Helene Gordon was one of seven women honored by Beth Abraham Sisterhood during their Fifth Annual Women of Valor luncheon. She was honored for her advocacy on behalf of people with developmental disabilities. Helene worked for the Montgomery County Board of Developmental Disabilities for more than 30 years. Not long after her formal retirement from the Board she was invited to join Kris Bergman and some of the residents of Resident Home Association’s Garber Road home for lunch. That’s all it took for her to continue her advocacy and service. She is now a staff member at our Garber Road Home.
During her time with the Board, Helene was responsible for creating one of the first programs in our community that provided opportunities for people with developmental disabilities to volunteer and give back to the community. She was instrumental in volunteers with developmental disabilities volunteering at Miami Valley Hospital, Dayton Children’s Hospital Gift Shop, Covenant House and the Ronald McDonald House. She created Baskets & More, a mini business within MONCO that provided employment opportunities for MONCO employees. She was an integral and valued member of the Board’s Special Projects team that developed and coordinated a wide array of community events designed to promote awareness and acceptance of people with developmental disabilities.
In addition to her advocacy on behalf of people with developmental disabilities and senior citizens, Helene was also recognized for service on the Dayton Jewish Federation Board and for chairing Jewish Family Services. She is a past chair for the Yom Hashoah (Holocaust Memorial Program.) She is an active member of Beth Jacob Synagogue and has served on the board of directors, as well as on its Sisterhood Board. For eight years she was a volunteer advisor to B’nai B’rith girls. She is currently chair of the Federation’s Cultural Arts program.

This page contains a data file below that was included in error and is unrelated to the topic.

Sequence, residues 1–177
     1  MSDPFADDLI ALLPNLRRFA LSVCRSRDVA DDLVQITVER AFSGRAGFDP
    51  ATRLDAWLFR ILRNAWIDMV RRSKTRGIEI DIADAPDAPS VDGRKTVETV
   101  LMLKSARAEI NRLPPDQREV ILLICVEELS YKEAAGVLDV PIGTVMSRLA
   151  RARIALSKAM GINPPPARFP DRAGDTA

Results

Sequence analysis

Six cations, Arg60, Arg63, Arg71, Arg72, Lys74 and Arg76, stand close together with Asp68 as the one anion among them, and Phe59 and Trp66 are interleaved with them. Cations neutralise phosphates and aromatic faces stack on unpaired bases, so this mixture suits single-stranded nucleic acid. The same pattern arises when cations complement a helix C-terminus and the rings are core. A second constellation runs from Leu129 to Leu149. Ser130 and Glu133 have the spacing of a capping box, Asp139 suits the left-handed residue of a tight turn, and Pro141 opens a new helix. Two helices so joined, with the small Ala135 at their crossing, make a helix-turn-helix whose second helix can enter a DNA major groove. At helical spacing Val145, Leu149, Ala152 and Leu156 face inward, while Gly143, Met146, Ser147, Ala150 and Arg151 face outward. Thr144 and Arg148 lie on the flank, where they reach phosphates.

She is the recipient of a regional Erin Ritchey Memorial Award and the Dayton Jewish Federation’s Past President Award.
In accepting her most recent recognition, she shared with the audience that the most important thing about her years of advocacy and service is not measured in awards, but in the personal connections that have filled the hours, days and years of her life – how her life has been and continues to be blessed – one smile and one hug at a time. Those of us who know her as a friend and shining light know that we too have been blessed – blessed by her smile and her hugs – made better because of her example of openness, full and deep acceptance and radiant joy in having found just where she was meant to be and what she was meant to be doing. She is in every way and in every moment, a true woman of valor!